All Saints' church
Laughton-en-le-Morthen is a small dormitory village and parish in the West Riding of Yorkshire lying to the south of Rotherham, and its main attraction is the All Saints Church with its huge spire. It had a population of 1,241 at the 2011 Census.
In the mid 11th century, Edwin, Earl of Mercia is believed to have built a Saxon hall in the village. But following the Norman conquest after 1066, the village and its lands were given by William the Conqueror to Roger de Busli (c. 1038 – c. 1099), a Norman baron who had been a loyal supporter of William's claim to the English throne. Busli was also given feudal manors in Nottinghamshire, Derbyshire and the Strafforth wapentake of Yorkshire.
To enforce his rule, Laughton castle was among a number that Busli had built in the late 11th century. The motte-and-bailey with a 30-foot-high mound high with a 165 by 66 foot inner bailey was surrounded by large earthworks and an outer ditch. An outer bailey, which is now the churchyard of the 14th century All Saints parish church, also had substantial earth ramparts and a dry ditch. It's believed that Busli built his castle on the site of the Saxon hall by Mercian Earl, Edwin.
By the time of the Domesday survey in 1085, Busli's extensive feudal landholdings, which Laughton-en-le-Morthen was part of, was known as the "Honour of Blythe" because it included 86 manors in Nottinghamshire, 46 in Yorkshire, and others in Derbyshire, Lincolnshire and Leicestershire, as well as one in Devon. He also controlled castles at Tickhill, Kimberworth, and Mexborough.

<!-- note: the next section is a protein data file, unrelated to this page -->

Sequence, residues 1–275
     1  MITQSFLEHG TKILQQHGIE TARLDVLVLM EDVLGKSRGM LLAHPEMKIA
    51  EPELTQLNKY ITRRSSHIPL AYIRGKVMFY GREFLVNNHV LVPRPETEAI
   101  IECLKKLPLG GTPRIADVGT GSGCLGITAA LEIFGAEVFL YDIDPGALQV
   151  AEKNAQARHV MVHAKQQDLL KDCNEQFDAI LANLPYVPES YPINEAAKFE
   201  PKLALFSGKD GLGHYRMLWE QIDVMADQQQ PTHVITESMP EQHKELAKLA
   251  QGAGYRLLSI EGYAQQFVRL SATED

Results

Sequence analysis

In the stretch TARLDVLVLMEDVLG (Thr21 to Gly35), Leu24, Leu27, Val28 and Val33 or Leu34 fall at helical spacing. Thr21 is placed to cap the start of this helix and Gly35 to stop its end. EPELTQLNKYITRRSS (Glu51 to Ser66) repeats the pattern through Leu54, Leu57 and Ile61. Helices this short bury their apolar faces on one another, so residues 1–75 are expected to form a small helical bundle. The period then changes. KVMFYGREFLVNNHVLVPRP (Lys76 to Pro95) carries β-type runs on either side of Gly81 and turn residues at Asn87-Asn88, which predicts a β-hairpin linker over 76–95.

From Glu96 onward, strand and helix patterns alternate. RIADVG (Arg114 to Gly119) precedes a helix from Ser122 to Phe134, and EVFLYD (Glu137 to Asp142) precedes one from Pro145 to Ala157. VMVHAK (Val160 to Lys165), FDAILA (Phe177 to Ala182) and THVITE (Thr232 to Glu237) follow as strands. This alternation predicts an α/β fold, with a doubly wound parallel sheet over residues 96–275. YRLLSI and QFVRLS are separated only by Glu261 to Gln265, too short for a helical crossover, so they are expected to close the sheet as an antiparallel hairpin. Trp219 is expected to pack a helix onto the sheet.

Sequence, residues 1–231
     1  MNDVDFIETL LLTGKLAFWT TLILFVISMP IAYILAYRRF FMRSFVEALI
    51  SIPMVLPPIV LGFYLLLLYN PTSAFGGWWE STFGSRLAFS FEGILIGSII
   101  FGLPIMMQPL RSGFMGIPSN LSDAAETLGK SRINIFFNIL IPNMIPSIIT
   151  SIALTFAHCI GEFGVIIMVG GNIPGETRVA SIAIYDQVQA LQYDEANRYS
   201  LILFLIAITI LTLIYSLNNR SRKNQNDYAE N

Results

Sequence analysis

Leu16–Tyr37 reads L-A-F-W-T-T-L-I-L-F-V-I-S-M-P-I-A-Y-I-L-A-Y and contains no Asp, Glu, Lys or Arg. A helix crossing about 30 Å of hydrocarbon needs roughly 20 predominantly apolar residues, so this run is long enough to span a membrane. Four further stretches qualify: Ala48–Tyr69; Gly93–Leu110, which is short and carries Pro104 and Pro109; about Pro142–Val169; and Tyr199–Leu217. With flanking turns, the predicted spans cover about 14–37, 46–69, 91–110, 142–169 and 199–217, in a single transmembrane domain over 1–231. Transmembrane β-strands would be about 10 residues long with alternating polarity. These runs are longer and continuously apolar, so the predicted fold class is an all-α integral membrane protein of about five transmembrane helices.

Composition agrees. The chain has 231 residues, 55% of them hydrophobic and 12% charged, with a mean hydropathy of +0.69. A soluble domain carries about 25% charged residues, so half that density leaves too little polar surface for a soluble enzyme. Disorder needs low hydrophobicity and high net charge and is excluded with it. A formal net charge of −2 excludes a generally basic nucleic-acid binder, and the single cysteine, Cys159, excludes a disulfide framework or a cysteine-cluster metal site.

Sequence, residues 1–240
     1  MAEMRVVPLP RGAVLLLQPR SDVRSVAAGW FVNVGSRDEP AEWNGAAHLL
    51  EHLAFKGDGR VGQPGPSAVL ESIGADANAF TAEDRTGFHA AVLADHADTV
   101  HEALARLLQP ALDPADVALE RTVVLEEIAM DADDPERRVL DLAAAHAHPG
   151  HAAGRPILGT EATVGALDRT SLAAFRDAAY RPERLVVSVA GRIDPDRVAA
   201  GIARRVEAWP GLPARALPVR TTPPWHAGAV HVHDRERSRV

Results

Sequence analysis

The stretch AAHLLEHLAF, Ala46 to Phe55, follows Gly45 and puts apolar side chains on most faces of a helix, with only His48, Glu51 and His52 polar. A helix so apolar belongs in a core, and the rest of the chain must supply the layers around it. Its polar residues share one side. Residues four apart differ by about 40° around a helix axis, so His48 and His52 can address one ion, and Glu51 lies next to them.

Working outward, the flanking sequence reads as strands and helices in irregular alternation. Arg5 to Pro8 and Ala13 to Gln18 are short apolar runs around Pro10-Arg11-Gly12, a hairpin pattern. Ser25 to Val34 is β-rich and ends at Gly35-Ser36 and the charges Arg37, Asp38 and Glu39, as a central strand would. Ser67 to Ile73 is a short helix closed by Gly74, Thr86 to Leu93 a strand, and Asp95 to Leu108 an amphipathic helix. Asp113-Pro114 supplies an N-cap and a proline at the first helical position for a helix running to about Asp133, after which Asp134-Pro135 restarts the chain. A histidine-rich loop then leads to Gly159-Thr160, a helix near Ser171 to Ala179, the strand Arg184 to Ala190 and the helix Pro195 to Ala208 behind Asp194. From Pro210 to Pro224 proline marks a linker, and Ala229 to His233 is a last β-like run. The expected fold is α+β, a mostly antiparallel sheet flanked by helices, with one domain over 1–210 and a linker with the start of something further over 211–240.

Laughton has two schools, the council-run Laughton Junior and Infant School, and the Laughton Church of England School, which is situated directly opposite All Saints Church, whose distinctive spire is visible from Lincolnshire on a clear day, and is a local landmark dominating the area from the hill.
There were also two public houses in the village, the St Leger Arms (named after local landowners the St Leger family) which like many other village pubs closed in 2009, and is now a residential property, and the 'Hatfeild Arms, also named after a well known local family.
The village sits on the main bus route from Worksop to Rotherham (19 operated by Stagecoach) and the Dinnington to Doncaster service (18 operated by Powells buses).
In the Second World War, a German bomber on his way back from a raid on Sheffield dropped an unused bomb on the village, which failed to go off; local farmer Henry Turner, whose family recently still lived in the village, towed the bomb to safety across his fields.
The village was represented in the FA Cup by Laughton Common F.C. during the 1920s.
| ("Wikimedia Commons" has material|
- UK Census (2011). "Local Area Report – Laughton-en-le-Morthen Parish (1170221220)". Nomis. Office for National Statistics. https://www.nomisweb.co.uk/sources/census_2011_ks/report?compare=1170221220. Retrieved 12 February 2018
- David Hey, Medieval South Yorkshire
- François de Beaurepaire, Les noms des communes et anciennes paroisses de la sine-Maritime, éditions Picard 1979. p. 54.